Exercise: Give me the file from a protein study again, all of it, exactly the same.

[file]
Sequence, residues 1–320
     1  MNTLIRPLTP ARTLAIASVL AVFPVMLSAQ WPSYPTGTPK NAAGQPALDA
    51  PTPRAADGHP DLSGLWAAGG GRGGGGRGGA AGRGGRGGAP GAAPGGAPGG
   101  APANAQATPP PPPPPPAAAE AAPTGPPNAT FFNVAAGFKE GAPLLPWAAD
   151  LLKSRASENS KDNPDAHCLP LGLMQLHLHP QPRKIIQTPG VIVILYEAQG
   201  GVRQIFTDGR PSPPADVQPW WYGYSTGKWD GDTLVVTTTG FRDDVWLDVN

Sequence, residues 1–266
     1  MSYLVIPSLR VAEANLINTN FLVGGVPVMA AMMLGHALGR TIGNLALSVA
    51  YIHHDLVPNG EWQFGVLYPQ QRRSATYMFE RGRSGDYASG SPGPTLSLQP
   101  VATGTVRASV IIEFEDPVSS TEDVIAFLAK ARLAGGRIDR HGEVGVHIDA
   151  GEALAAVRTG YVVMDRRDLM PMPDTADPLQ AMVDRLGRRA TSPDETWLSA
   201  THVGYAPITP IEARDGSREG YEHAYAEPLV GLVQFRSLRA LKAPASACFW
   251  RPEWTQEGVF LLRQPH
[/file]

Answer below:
Sequence, residues 1–320
     1  MNTLIRPLTP ARTLAIASVL AVFPVMLSAQ WPSYPTGTPK NAAGQPALDA
    51  PTPRAADGHP DLSGLWAAGG GRGGGGRGGA AGRGGRGGAP GAAPGGAPGG
   101  APANAQATPP PPPPPPAAAE AAPTGPPNAT FFNVAAGFKE GAPLLPWAAD
   151  LLKSRASENS KDNPDAHCLP LGLMQLHLHP QPRKIIQTPG VIVILYEAQG
   201  GVRQIFTDGR PSPPADVQPW WYGYSTGKWD GDTLVVTTTG FRDDVWLDVN

Sequence, residues 1–266
     1  MSYLVIPSLR VAEANLINTN FLVGGVPVMA AMMLGHALGR TIGNLALSVA
    51  YIHHDLVPNG EWQFGVLYPQ QRRSATYMFE RGRSGDYASG SPGPTLSLQP
   101  VATGTVRASV IIEFEDPVSS TEDVIAFLAK ARLAGGRIDR HGEVGVHIDA
   151  GEALAAVRTG YVVMDRRDLM PMPDTADPLQ AMVDRLGRRA TSPDETWLSA
   201  THVGYAPITP IEARDGSREG YEHAYAEPLV GLVQFRSLRA LKAPASACFW
   251  RPEWTQEGVF LLRQPH